Sponsored Having a baby is said to be the most exciting time of your life. It’s a dream scenario for many women – have a baby so that your family is complete. However, how does it affect your working life? Regulations including the Maternity and Parental Leave Regulation of 1999 are in place to protect a person who requires a career break to look after a new born. In some unfortunate circumstances, people may find that they are discriminated in their workplace and any career progression is also affected. Elsewhere, some discover that their priorities change, and they want to take a different career path. Then, there are those who simply require more money during their leave.
In this article alongside Babythingz, who stocks the double buggy, we take a look at what options expectant and new mothers have to work at home.
The idea of working from home appeals to many in Britain. In fact, flexible and remote working are two of the most sought-after benefits for people looking for a new full-time role. Surveys have found that the nine-to-five regime is disliked by nine out of 10 workers in the UK. The concept of remote working can give you control over your schedule and allow you to avoid the long commutes, both of which can improve your work/life balance.
So, other than requesting remote working to their current employers, what ways are available to parents who want to work from home?
It may be seen as the riskiest of options. Setting up a business can financially be tough at the start. In fact, eight out of 10 new companies cease to exist within 18 months. However, with the correct idea it can be a great option to staying at home for work.
Kate Greenhalgh, founder of date-night suggestion company A Year of Dates, set up her own business when her daughter was nine months old following a Christmas gift her husband had made her. Originally, the work was completed during nap times and in the evenings. However, she had decided she didn’t want to go back to making the hour-long commute to her account manager job, or be required for last minute late-night work, so had a lightbulb moment to set up the company.
While she admits that her day is still jam-packed, she realises that the benefits outweigh the negatives. “My time is my own,” she says. “I can go to meetings and networking events which has been great for opening important doors. I can also pick my daughter up from nursery, take her to gymnastics and spend quality time with her.”
In a similar fashion to freelance writing, graphic designers can continue to pick up freelance work during their maternity leave. Many small businesses can’t afford to hire a full-time employee for this role so continuously look to outsource any work they need completing. Once again, sites like Fiverr can be a great place to pick up projects.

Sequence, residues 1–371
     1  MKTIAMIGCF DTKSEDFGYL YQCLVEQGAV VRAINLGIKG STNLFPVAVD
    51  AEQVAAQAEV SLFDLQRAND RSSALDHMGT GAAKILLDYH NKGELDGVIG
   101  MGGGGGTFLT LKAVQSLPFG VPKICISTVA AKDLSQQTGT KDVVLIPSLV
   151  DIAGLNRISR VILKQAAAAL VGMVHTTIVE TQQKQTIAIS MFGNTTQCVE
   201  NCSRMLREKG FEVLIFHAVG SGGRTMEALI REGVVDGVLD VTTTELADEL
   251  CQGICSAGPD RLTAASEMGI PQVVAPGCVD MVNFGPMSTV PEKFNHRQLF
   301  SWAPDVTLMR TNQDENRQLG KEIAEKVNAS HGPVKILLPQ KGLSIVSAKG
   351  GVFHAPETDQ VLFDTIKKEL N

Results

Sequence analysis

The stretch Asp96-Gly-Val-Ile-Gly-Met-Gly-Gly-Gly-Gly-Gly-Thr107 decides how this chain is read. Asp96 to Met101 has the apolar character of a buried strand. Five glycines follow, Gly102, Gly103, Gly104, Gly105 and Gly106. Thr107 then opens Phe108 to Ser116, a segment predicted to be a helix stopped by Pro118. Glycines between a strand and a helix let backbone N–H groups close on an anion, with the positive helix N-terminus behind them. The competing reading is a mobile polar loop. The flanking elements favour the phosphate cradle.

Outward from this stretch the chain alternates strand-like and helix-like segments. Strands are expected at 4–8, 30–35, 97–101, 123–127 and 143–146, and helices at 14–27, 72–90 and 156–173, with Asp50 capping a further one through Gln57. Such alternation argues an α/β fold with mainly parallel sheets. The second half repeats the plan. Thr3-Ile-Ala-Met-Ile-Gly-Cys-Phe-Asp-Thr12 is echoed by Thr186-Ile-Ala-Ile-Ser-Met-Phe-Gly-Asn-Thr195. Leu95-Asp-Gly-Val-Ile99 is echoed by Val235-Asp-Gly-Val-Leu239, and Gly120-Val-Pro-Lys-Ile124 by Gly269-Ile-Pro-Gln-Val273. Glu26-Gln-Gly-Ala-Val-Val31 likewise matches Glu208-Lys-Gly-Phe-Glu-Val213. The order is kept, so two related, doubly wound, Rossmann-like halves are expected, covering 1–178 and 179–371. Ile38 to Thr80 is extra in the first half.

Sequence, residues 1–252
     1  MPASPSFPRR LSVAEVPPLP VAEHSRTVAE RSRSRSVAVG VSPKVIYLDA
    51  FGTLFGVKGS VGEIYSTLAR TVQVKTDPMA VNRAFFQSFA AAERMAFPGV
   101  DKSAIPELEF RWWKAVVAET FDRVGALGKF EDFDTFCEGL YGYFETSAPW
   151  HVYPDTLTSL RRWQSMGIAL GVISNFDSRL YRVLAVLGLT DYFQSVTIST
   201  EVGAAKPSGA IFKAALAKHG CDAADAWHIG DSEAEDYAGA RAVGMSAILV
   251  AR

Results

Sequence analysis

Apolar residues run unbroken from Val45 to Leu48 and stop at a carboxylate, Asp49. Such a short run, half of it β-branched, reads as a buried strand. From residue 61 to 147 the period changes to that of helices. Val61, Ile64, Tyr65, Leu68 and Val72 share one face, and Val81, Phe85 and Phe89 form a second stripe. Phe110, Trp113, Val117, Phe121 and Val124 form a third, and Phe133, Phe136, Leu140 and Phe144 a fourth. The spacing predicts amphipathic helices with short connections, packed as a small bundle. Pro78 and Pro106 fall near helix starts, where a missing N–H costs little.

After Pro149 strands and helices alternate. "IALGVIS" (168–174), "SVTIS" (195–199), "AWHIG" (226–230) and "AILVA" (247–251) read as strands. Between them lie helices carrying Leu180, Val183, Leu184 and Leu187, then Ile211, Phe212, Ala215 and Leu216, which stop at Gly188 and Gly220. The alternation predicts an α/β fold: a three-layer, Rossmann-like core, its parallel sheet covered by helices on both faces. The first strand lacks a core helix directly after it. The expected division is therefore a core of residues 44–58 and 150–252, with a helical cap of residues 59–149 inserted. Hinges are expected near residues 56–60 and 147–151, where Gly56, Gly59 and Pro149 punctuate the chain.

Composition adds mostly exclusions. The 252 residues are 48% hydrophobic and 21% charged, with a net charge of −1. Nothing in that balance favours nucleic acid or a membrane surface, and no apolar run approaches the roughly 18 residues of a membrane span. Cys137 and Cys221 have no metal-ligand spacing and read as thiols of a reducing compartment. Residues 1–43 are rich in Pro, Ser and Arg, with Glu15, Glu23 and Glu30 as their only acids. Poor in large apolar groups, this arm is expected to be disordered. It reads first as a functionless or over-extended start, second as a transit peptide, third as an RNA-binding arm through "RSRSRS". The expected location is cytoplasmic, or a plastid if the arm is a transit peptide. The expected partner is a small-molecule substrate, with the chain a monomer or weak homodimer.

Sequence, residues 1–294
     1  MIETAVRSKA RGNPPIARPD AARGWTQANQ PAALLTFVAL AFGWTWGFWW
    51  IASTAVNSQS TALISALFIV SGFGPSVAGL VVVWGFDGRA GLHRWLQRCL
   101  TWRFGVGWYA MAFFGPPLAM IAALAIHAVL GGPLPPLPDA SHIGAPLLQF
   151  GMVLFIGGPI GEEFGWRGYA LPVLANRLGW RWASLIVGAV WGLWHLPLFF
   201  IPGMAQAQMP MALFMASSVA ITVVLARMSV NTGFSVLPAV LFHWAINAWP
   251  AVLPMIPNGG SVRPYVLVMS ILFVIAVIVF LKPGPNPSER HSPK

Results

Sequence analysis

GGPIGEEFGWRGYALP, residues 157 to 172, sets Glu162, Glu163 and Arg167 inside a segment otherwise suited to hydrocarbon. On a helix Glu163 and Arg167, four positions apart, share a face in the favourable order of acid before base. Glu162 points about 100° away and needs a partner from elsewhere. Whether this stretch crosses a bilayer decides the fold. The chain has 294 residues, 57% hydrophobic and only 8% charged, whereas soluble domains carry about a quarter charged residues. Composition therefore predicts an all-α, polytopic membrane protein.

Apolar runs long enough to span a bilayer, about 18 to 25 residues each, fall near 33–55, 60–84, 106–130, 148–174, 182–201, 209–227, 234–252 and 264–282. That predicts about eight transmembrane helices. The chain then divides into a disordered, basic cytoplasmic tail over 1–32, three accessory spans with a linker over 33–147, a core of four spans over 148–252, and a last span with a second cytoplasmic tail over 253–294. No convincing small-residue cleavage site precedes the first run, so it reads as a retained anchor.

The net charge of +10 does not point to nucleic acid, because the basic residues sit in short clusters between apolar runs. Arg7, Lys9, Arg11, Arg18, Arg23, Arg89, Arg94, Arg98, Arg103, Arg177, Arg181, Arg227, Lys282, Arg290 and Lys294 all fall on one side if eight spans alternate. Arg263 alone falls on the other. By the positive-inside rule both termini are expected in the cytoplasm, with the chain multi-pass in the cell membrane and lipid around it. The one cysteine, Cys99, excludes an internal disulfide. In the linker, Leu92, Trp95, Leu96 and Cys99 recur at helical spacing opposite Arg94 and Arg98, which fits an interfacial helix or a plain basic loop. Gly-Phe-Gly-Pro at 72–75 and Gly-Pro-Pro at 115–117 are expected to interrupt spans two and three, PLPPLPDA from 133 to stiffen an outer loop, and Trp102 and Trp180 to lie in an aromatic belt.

This may sound like hard work, but it doesn’t have to be. Many parents hate the idea of being away from their new addition. While franchises, such as McDonald’s, Subway and other huge brands may be out of the question, why not look a little closer to home? You may find that you have attended, or will be attending, baby classes with your child. Did you know that the majority of these ideas are actually small franchises, meaning you may be able to run your favourite class?
This means that you’ll be able to run as many classes in your selected area and also be available for party hire, meaning you can earn while also taking your little one along with you!
The writing industry offers a great opportunity for a wordsmith to work from home. Those who are journalists or PR experts can continue to work in a freelance environment thanks to technological advancements and the internet.
Journalist and blogger, Davina Gordon, said: “Freelancing while on maternity leave enables me to express myself as a creative individual while also boosting my income. I plan to be a working mum and I believe it’s possible to be both a great mother and have a great career. The happier and more fulfilled I feel, the better mum I’ll be, and my son deserves the best version of me.”
Social media is rife with specially created freelance groups to help editors reach out to freelance writers. Sites like Fiverr can also provide great opportunities with subscribers able to bid on work projects.
Many start-ups and established companies look out for someone to be able to connect with their customers. You can work at home to respond to incoming emails through online systems, and reply to support requests, especially on social media.
Of course, there are more options available, but the above are a few great examples of how to achieve that all-important work/life balance following your new arrival. While money is an extremely important factor when you have a child, it’s important to remember to cherish the memories while you can and working at home can go a long way to achieving this.
Disclosure: This is a sponsored post with Babythingz for which I have received compensation.
Welcome to my blog! I'm Laura, a 29 year old mum of two. I live in Kent with my high school sweetheart husband Dave, our daughter Autumn and newborn son Reuben.
I write about my experiences of parenting, as well as my plethora of interests including fashion, beauty, cars, weddings, mental health and the home.